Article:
SCHOOL-LEAVERS have helped to make surroundings more comfortable for hospice patients after giving two rooms a makeover.
Eleven teenagers on the National Citizen Service (NCS) scheme spent a total of 63 hours over four weeks brightening up a family room and a kitchen at Hartlepool & District Hospice, in Wells Avenue.
The 16-year-olds painted and decorated the rooms, wallpapered the areas and bought accessories including furniture, lamps and curtains and tables and chairs and also painted outside areas and fencing.
The young people were given £1,000 to spend on materials for the project and chose the hospice as the recipient of their services.
They also bought rugs, microwaves, crockery and biscuits and coffee for hospice patients.
NCS key worker Joanne Blackwood, who worked with the group, said: “We approached the hospice to see if we could help - it was just what the young people wanted to do. “They have done marvellous, they really have.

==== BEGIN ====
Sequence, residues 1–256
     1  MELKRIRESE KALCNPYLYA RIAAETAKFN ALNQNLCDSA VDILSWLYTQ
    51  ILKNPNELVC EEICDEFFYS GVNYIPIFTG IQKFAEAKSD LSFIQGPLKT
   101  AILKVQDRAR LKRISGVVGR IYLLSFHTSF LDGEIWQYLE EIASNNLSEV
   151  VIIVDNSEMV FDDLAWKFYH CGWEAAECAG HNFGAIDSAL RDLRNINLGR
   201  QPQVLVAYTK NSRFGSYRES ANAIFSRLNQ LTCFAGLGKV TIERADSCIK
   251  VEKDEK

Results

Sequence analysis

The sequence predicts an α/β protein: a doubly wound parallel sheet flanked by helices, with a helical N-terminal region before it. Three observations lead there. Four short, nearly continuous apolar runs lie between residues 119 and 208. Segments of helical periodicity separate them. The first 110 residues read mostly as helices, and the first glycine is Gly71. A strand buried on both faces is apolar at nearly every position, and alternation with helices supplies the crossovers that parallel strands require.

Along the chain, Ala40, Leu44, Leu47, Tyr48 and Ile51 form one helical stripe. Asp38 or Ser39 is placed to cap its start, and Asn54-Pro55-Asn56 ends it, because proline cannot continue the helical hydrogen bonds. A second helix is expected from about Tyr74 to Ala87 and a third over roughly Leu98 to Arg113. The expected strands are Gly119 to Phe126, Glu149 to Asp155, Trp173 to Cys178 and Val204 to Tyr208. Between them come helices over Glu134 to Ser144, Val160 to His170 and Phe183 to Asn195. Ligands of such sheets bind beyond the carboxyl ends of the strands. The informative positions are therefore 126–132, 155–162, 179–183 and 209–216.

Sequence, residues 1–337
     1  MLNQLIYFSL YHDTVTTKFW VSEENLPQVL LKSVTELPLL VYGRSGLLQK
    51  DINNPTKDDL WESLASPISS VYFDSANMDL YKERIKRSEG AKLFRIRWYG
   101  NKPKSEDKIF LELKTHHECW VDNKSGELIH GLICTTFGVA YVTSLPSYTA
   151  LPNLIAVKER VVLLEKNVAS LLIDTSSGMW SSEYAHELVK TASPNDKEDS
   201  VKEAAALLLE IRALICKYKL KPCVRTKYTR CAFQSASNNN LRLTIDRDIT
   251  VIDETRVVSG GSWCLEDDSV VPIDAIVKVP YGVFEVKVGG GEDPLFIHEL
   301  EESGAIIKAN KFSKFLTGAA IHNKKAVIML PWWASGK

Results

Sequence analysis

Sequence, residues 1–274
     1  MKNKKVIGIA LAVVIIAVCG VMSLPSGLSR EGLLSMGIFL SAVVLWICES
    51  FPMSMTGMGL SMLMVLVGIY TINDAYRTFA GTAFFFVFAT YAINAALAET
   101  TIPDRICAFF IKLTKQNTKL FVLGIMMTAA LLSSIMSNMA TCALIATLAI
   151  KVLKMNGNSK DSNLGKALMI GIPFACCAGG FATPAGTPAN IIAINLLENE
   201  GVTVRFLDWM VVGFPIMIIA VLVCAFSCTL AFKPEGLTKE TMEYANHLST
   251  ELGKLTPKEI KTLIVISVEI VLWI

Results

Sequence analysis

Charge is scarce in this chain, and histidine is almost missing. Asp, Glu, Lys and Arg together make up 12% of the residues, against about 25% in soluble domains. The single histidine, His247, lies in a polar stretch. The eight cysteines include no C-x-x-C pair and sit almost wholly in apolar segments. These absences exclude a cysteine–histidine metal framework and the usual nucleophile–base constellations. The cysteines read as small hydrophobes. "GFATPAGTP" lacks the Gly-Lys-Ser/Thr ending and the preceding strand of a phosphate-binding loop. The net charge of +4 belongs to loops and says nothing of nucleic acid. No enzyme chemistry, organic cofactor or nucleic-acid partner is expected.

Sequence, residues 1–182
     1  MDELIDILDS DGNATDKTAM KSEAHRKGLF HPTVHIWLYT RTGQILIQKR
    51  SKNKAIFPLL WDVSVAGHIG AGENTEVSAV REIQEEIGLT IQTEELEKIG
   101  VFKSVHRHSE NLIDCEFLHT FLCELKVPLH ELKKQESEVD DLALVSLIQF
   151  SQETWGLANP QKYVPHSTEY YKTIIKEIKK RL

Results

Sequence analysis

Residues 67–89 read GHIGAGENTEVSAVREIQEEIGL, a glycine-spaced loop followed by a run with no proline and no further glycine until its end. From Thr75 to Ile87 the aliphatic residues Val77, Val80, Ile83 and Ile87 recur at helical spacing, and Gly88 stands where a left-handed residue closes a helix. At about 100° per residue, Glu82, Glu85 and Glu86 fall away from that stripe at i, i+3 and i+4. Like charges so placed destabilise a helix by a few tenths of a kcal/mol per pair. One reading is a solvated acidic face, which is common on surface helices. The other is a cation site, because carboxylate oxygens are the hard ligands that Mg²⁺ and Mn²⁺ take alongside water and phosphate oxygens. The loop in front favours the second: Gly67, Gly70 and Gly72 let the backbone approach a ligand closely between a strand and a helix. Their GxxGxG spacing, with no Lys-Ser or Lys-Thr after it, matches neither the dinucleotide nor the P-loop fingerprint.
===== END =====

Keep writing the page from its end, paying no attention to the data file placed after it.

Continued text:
“The hospice said the rooms are now really nice and comfortable for the families to sit in.
“The young people turned up each time and did the hard graft and a few of them are going to go back and help with the garden in their own time.”
The group, which also enjoyed a trip to Dukeshousewood outdoor camp, near Hexham, and spent five nights at Throston Youth Project on an independent living scheme, was led by team leaders Gavin Munkley and Melissa Wardele, alongside Joanne and fellow key worker Daniel French and volunteer Helen Hadfield.
The group are just some of the 1,000 16-year-olds in the Cleveland area taking part in the NCS scheme, which ends next week.
The Government scheme is a Big Society initiative supporting young people from all backgrounds to work together, take on new challenges and make a difference.
Hospice sales and events fundraiser John Martindale said: “The young people’s work has brightened everything up greatly.
“The rooms look absolutely fantastic and the garden looks beautiful. “Patients and their families have said how nice it looks.”